Today is February 29, the leap day of the current leap year. Reason enough to have a quick look at the terminology employed in various languages.Usually the designation for the day is by metonymy extended to the year in which such a day occurs. For instance, if the leap day is called “extraday”, a year with such a day is usually called “extrayear”, even though it is not an entire year that is extra.

Leap day

This refers to the fact that the leap day leads to certain important days “jumping one day ahead” in leap years. Let’s take Christmas Day, for instance. In 2010, it was on a Saturday. In 2011, on a Sunday. But in 2012, it will be on a Tuesday, it “leaped over” the Monday. In 2013, it will be a Wednesday.

  • English: leap year and leap day.  (Also, bissextile year and intercalary year)
  • Dutch: schrikkeljaar and schrikkeldag. schrikken, even though it also means “to be scared”, it can also mean “to take a leap” (it seems though that nowadays this meaning seems to be obsolete). (Source)
  • Malay uses a calque from English: tahun lompat, hari lompat. But also see Indonesian in the next section.
  • Polish seems to be using a word that means “step over” (Rok przestępny), but my Polish is very rusty. Just wanted to at least have one Slavic language on my list. 

Inserted day (“Intercalary day”)

The idea is that the day is inserted into the calendar (Latin intercalare), which is why another name in English for it would be intercalary day

  • German: Schaltjahr und Schalttag, from schalten. Why this word nowadays means “switch” and could be understood in the sense of “switching on” a leap day, this explanation would be anachronistic as there were no electric appliances in the Middle Ages. It turns out that this word also meant “push” which it no longer does in Modern German. So the day was one that was “pushed in”, i.e. inserted.
  • Swedish, Danish, Norwegian: the Scandinavian languages all use forms of the verb “shoot”: skottår/skottdag, skudår/skuddag and skuddår/skuddag. In the modern languages, the semantic link is broken again. In Sweden, people sometimes wonder if it has anything to do with Scotland, which would be Skottland in Swedish. But again, the answer is that is a loan translation from the German Schaltjahr, and for instance in Swedish, skjuta can not only mean “shoot”, but also “push”, and we have the same “push in” pattern here. (Source)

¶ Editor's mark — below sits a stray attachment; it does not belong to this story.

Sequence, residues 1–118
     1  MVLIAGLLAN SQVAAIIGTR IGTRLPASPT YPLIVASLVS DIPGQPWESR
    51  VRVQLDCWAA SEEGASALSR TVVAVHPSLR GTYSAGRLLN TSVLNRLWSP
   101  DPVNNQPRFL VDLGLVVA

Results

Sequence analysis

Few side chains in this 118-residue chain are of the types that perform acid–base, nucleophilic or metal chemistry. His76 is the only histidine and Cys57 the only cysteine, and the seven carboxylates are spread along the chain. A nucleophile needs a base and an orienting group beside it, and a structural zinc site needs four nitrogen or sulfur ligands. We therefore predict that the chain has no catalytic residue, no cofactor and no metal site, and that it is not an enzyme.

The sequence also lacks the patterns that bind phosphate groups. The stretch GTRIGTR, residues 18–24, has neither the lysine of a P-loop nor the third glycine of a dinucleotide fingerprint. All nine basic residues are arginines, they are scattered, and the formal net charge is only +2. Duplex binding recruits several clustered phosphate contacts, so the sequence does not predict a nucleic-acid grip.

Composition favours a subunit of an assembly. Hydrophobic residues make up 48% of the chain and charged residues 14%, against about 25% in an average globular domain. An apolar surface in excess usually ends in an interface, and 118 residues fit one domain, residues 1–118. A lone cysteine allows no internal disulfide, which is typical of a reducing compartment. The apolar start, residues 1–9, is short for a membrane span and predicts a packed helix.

• Indonesian: tahun kabisat/hari kabisat. "Kabisat" comes from Arabic and means something like "pressed/stuffed", and this is the term generally used in Arabic (and other Islamic cultures like the Persian one) for "intercalary".

Additional/residual day

In some languages, the leap day just means something like extra day. I think this is also the case in Esperanto, where the leap day is supertago and the leap year superjaro. So the designation carries over to the year in the sense of “year that has an additional day”.

  • Turkish has Artık yıl and Artık gün, where artık means “rest, residue”
  • Hindi has अधिवर्ष adhivarṣ(a) and अधिदिन adhidin(a) directly from the Sanskrit, which I presume is a contraction of अधिक वर्ष adhika varṣa "additional year" and  अधिक दिन adhika dina "additional year" respectively   (adhi- can also be a prefix, but the intercalary month is अधिक मास adhika maasa after all).

From ancient Roman tradition

In Ancient Rome, the year was called annus bisextilis in Latin, referring to the day that was repeated, the sixth day before the calends of March, i.e. February 24th (the Romans had a very peculiar way of counting their days in the calendar), so it was ante diem bis sextum Kalendas Martii. Even though the leap day no longer falls on February 24th, many Romance language still use this term.

  • French, Spanish, Italianannée bissextile, año bisiesto, anno bisestile.

From ancient Chinese tradition

Chinese, Japanese and Korean use words that go back to a very ancient Chinese tradition almost no-one is aware of synchronically. Back in the day, of course, the Sinosphere was still using the traditional lunar calendar, which also had intercalary months and days. It was customary in ancient times that the ruler of a state would not go about his normal duties during such an intercalary day and rather stay inside the gates. From this, a character was formed, 王 “king” + 門 “gate” = 閏 rùn. 

  • Chinese 閏年/闰年 rùnnián 閏日/闰日 rùnrì.
  • Korean 윤년 yunnyeon and 윤일 yun’il 
  • Japanese  accordingly also has 閏年 and  閏日. They can be read in Sino-Japanese as junnen and junjitsu, but there is also a kun’yomi reading as uruudoshi and uruubi, which is actually more common. This is also due to confusing the obscure 閏 character with the more common 潤 character meaning “moist”, and which has uruou as one of its Japanese readings.

(Sources in Japanese and Chinese)